Ahem…there have been some online murmurings about the insufficient screen time Yoo-jung sunbae has been receiving lately. Hmm…quantitatively speaking, yes. But, imo, his character is meant to remain vaguely mysterious, making us viewers guess at his intention — that is where his appeal lies. To me, if Cheese does an analysis on Jung and gives us a detailed breakdown on why he does what he does, it may actually water down Jung’s character. I find him the most interesting when I try to fathom what he is trying to do than have the writer hand me the explanation onscreen.


But, my post today has nothing to do with how much screen time or whether Jung is justified to remain “unexplained”. Juz happens the title pops into mind while reading the viewers’ comments online, and it kinda fits into my piece today on whether our main characters’ actions (and their resulting consequences) are too over-the-top, or negligible.

1. Seol


There is very clear positive growth in our doormat heroine. From ep1 where she made herself leave school in order to avoid her perceived aggressor (Jung), to more recent eps where she stands up against bullying and even got into a cat fight with Min-soo.

Obviously what she has been doing in the past (or not doing), is too little. When Sang-chul sunbae “suggests” she does more of the project work, since she is more “capable”, Seol doesn’t protest enough (hardly, actually). Result, she gets a Fail grade for poor management of her team members.


Comparatively, when she overhears Sang-chul badmouthing her in the photocopy room (ep13), she decides she won’t bother to lend Jung’s notes to him. But then again, she was prepared to zap the entire set for him prior to the episode. So hmm… Certain things do not change: Seol is still pretty soft hearted and easily bullied if you apply the right pressure. To give her credit though, she at least doesn’t pretend she hasn’t heard Sang-chul and continue to give in.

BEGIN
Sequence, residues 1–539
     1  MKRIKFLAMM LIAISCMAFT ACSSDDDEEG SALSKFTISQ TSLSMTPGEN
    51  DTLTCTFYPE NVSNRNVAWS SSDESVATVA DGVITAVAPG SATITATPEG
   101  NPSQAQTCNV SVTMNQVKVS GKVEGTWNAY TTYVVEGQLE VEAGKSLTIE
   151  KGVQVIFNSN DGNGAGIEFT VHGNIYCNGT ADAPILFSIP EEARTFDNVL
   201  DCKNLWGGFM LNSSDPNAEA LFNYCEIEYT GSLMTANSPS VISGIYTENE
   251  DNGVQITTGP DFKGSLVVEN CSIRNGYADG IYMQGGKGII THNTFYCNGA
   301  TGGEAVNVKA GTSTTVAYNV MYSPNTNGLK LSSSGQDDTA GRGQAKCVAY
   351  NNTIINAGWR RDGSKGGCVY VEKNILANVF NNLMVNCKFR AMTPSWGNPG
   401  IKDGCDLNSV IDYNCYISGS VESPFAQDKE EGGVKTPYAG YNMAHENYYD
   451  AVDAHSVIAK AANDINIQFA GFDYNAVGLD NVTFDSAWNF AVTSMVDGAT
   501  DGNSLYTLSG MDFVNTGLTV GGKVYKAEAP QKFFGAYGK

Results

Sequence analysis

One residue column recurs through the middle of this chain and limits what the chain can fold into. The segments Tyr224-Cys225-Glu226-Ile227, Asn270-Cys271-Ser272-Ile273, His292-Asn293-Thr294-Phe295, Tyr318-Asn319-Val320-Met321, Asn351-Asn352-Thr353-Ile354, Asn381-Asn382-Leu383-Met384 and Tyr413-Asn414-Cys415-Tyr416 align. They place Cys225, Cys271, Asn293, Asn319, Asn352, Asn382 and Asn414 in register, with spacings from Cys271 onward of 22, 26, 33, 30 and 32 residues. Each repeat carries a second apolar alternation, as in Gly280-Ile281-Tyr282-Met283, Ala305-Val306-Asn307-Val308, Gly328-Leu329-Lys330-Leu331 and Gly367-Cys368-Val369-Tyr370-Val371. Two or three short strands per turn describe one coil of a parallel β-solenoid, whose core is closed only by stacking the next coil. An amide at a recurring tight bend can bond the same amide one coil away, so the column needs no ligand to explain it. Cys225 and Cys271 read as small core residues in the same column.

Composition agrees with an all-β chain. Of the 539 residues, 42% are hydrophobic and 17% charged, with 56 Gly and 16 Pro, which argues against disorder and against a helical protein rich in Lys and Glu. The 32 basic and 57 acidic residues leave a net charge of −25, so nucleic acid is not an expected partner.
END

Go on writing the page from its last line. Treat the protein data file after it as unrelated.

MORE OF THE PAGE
2. Jung


Like I said, he is and remains enigmatic. But as far as the drama Cheese goes, I see him making huge progress in terms of trusting another fellow human being (aka Seol). My reading of him is partly gleaned from his father. Although we don’t see much of Chairman Yoo, those little screen times he has and his interaction (or lack thereof) with his only son speak volumes. And note that Jung grew up without much of a maternal presence. So I’d think most of his character buildup is imprinted based on his father.


While Chairman Yoo is unfailingly polite, from as early as eps1/2 during the short dinner he had with Jung, In-ho and In-ha, you can sense a weird dynamic between father and son. There’s a lot of distance between the two; Chairman Yoo calls Jung and discusses about In-ho/In-ha, like he’d call a consultant to get ideas on his company’s next marketing move. It’s THAT impersonal. And Jung’s measured response about stopping the siblings’ finances mirrors his dad’s tone of voice.